Fed hikes rates – not so dovish


The Fed made the historic decision and raised rates. The dot plot has hardly changed for the interest rate and this is hawkish. For 2016, we have 1.4% unchanged, for 2017 2.4% from 2.6% and for the longer run it is unchanged at 3.5%.

The statement puts an emphasis on inflation, and the need to watch it closely, but there were no dissenters.

More: Yellen explains the liftoff – live blog

USD is stronger. Update: The greenback is sliding back down after the initial move, and we are all waiting to hear from Yellen.

This is the key passage from the statement regarding the future:

In determining the timing and size of future adjustments to the target range for the federal funds rate, the Committee will assess realized and expected economic conditions relative to its objectives of maximum employment and 2 percent inflation. This assessment will take into account a wide range of information, including measures of labor market conditions, indicators of inflation pressures and inflation expectations, and readings on financial and international developments. In light of the current shortfall of inflation from 2 percent, the Committee will carefully monitor actual and expected progress toward its inflation goal. The Committee expects that economic conditions will evolve in a manner that will warrant only gradual increases in the federal funds rate; the federal funds rate is likely to remain, for some time, below levels that are expected to prevail in the longer run. However, the actual path of the federal funds rate will depend on the economic outlook as informed by incoming data.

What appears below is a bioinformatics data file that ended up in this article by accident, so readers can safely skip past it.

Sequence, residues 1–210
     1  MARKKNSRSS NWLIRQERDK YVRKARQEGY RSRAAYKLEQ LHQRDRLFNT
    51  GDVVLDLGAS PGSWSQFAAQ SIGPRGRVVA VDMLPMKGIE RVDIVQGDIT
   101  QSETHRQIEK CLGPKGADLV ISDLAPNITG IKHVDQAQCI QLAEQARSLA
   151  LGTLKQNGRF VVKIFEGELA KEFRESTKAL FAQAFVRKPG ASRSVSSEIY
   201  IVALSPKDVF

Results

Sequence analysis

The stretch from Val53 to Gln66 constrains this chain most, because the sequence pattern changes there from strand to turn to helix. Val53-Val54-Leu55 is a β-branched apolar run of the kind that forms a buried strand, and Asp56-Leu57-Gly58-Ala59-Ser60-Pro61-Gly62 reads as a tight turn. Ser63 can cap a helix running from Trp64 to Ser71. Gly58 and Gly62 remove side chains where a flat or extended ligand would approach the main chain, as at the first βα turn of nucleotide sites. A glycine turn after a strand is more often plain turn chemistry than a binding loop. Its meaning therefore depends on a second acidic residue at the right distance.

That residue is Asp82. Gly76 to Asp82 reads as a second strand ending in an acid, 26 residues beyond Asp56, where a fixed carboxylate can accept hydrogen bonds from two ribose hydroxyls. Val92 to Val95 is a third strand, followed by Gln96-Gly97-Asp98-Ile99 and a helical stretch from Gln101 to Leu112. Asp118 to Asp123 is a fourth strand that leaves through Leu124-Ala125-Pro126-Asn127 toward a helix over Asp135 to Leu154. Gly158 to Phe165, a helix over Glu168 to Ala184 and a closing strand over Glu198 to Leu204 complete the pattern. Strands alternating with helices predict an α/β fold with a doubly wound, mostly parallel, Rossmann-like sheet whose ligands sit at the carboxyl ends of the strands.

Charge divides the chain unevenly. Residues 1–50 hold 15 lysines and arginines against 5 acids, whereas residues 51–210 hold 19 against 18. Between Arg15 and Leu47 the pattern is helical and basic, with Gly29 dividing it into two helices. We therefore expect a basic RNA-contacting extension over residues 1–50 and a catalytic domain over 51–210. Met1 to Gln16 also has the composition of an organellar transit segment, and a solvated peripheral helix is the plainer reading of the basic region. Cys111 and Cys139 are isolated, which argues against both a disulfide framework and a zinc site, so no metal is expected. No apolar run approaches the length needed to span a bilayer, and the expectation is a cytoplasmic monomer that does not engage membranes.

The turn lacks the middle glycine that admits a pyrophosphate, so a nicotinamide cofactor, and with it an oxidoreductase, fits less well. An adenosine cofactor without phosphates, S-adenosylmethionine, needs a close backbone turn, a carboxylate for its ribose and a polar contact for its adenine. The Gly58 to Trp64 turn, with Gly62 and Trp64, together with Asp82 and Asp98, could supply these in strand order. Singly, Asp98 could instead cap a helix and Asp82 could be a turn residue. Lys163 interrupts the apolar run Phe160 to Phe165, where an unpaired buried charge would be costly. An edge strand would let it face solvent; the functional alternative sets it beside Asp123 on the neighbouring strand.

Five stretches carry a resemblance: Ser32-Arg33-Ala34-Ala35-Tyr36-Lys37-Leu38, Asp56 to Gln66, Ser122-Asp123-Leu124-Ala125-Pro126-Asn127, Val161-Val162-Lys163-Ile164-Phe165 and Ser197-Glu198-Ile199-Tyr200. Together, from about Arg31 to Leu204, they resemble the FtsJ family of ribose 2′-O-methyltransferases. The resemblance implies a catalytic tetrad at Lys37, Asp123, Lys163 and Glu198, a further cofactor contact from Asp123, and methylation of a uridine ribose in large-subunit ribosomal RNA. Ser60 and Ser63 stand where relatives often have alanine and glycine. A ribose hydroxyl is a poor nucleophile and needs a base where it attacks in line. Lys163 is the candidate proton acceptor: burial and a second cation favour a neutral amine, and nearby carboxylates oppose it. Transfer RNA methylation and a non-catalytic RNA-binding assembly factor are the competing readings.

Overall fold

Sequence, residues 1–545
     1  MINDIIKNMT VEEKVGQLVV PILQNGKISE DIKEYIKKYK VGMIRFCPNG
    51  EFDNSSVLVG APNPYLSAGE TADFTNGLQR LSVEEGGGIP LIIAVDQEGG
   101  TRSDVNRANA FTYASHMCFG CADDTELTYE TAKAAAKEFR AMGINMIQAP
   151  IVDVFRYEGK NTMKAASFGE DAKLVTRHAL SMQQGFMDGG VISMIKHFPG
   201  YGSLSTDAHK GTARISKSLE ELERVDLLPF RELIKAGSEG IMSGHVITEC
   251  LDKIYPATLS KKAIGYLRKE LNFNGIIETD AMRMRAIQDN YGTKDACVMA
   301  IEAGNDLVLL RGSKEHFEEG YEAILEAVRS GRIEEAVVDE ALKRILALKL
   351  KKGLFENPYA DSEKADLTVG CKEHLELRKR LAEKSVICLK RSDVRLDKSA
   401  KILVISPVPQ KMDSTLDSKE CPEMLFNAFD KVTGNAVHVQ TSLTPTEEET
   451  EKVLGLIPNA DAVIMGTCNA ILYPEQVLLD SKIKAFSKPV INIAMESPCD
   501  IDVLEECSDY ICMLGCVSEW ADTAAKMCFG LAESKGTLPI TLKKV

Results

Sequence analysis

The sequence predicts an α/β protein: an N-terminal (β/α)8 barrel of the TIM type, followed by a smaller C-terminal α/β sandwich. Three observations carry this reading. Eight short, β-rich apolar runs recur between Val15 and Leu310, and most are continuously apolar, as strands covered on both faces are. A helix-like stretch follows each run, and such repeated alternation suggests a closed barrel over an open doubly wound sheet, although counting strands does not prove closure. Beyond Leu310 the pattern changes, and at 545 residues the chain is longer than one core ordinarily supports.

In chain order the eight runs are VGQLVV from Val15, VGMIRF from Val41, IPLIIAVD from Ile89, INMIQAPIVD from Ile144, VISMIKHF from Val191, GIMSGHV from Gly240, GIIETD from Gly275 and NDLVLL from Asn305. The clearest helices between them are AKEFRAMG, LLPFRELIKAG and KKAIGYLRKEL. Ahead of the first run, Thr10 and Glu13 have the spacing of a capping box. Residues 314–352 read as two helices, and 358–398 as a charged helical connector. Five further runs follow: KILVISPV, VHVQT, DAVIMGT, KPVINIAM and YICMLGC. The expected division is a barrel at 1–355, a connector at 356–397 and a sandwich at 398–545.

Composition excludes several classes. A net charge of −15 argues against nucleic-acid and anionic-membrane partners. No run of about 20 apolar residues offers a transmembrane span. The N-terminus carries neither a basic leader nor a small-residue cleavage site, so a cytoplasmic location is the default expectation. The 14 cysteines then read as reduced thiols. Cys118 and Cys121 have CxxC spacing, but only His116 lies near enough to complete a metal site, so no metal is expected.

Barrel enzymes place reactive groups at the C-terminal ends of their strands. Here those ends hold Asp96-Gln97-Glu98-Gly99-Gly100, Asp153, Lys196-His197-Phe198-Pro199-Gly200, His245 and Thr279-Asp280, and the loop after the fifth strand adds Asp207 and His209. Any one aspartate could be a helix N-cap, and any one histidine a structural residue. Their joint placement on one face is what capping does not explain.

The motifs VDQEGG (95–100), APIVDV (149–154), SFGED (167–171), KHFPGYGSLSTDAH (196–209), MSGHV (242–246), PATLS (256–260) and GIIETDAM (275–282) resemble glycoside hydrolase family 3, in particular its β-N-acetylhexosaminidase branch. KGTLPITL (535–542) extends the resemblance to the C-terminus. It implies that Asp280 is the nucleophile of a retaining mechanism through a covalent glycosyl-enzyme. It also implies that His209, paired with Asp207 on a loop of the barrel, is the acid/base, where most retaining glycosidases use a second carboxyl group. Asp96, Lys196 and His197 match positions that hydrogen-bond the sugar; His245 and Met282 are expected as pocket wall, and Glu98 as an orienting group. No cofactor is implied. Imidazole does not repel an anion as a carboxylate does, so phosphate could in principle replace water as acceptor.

The Federal Reserve was expected to raise interest rates for the first time since 2006. This was well telegraphed and markets were also looking beyond this: to the path of hikes in 2016 as pictured in the dot plot, the text of the statement, the forecasts and the press conference.


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About Author

Yohay Elam – Founder, Writer and Editor I have been into forex trading for over 5 years, and I share the experience that I have and the knowledge that I’ve accumulated. After taking a short course about forex. Like many forex traders, I’ve earned the significant share of my knowledge the hard way. Macroeconomics, the impact of news on the ever-moving currency markets and trading psychology have always fascinated me. Before founding Forex Crunch, I’ve worked as a programmer in various hi-tech companies. I have a B. Sc. in Computer Science from Ben Gurion University. Given this background, forex software has a relatively bigger share in the posts.

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